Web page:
OCR Guidance on COVID-19 and HIPAA Disclosures
Office for Civil Rights Guidance on COVID-19 and HIPAA disclosures to law enforcement, paramedics, other first responders, and public health authorities
by Kathy Lester, J.D., M.P.H.
On March 24, the Office for Civil Rights (OCR) released guidance clarifying that any covered entity may share the name or other identifying information of an individual who has been infected with, or exposed to, COVID-19 with law enforcement, paramedics, other first responders, and public health authorities without an individual’s authorization. This clarification allows ground ambulance entities and their personnel to share the information consistent with the guidance. It also allows other covered entities such as hospitals, physicians to share the information with ground ambulance entities and their personnel. Finally, there are no HIPAA restrictions on non-covered entities, such as law enforcement, families, public health departments, and 911 call centers (not otherwise covered entities), from sharing the information. There may be State confidentiality laws that apply as well, and the AAA encourages ground ambulance entities to review the laws in the States in which they operate.
The authority to share this information is in the existing HIPAA regulation – this is not a waiver or a change in the current law. OCR highlights the current authority in the guidance.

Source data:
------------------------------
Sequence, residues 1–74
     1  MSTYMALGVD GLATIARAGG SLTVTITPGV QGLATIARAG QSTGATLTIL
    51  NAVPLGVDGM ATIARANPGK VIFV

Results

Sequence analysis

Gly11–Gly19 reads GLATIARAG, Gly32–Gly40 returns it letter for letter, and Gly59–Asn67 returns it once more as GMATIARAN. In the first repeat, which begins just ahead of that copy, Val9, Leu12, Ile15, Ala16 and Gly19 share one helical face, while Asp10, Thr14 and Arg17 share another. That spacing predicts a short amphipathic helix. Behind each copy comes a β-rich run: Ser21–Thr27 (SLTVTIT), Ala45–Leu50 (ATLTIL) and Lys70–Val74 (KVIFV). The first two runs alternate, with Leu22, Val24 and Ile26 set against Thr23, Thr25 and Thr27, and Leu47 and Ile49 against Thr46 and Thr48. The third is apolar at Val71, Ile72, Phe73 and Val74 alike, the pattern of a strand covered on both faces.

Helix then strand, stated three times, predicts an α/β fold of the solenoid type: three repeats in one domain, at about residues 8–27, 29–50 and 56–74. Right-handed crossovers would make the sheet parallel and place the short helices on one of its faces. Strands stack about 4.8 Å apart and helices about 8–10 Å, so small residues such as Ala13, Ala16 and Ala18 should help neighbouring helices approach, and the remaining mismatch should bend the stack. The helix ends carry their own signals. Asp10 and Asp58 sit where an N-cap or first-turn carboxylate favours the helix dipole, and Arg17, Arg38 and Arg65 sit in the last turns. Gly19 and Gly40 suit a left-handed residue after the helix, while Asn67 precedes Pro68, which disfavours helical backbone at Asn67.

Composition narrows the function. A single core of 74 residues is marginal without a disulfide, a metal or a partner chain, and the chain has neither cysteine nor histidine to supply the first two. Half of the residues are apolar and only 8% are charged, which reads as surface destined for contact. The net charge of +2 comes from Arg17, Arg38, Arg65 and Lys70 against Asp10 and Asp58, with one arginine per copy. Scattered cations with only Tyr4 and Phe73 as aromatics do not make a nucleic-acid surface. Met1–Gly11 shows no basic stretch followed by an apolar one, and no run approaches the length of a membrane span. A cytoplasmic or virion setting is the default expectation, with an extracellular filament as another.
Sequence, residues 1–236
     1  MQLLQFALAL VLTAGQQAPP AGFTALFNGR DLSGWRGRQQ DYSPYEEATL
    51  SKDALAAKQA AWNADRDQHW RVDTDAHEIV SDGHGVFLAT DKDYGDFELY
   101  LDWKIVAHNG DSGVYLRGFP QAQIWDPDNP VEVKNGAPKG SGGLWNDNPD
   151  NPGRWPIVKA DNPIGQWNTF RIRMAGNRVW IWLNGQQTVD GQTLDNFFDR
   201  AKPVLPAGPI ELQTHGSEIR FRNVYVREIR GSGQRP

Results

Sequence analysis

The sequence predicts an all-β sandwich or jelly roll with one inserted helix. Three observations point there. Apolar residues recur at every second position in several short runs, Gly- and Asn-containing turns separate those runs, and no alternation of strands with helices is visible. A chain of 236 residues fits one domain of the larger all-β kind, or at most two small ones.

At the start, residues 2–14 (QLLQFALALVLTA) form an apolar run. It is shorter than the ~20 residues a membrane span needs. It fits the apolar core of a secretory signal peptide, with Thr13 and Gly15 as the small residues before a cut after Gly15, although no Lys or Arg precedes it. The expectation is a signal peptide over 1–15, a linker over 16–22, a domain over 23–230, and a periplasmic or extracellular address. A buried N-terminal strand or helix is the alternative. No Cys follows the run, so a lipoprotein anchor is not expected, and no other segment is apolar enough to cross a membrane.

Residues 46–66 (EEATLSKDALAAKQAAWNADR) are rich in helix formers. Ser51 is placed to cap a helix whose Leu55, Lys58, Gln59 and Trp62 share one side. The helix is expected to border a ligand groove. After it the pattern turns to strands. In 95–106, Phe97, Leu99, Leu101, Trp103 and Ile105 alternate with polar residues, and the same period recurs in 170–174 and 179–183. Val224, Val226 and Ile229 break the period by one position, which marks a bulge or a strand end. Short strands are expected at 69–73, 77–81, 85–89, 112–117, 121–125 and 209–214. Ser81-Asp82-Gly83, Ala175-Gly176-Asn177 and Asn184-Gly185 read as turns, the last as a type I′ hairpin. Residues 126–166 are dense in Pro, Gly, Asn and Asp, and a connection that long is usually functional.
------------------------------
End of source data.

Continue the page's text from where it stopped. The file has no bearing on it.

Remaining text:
- Disclosure of PHI pursuant to treatment (45 C.F.R. § 164.506(c)(2)). Covered entities may disclose PHI to another covered entity for purposes of treatment, payment, or health care operations. The guidance provides the example of a skilled nursing facility (SNF) disclosing PHI about a COVID-19 positive individual to emergency transport personnel who will be treating a patient during the transport of the individual to a hospital emergency department. This is an example and not the only scenario to which the disclosure policy applies.
- Disclosures required by law (45 C.F.R. § 164.512(a)). Covered entities may disclose PHI when such disclosure is required by law. The guidance provides the example of a hospital disclosing PHI about a COVID-19 positive individual to public health officials when such a disclosure is required by state law. Again, this is an example and not the only scenario to which the disclosure policy applies.
- Disclosure to public health authorities (45 C.F.R. §§ 164.512(b)(1) & 164.501 (definition of public health authority). Covered entities may disclose PHI about a COVID-19 positive individual to a public health authority that is authorized by law to collect or receive such information for the purpose of controlling disease, injury, or disability. The purposes include public health surveillance, public health investigations, and public health interventions. Examples of public health authorities include the Centers for Disease Control and Prevention and state, tribal, local, and territorial public health departments).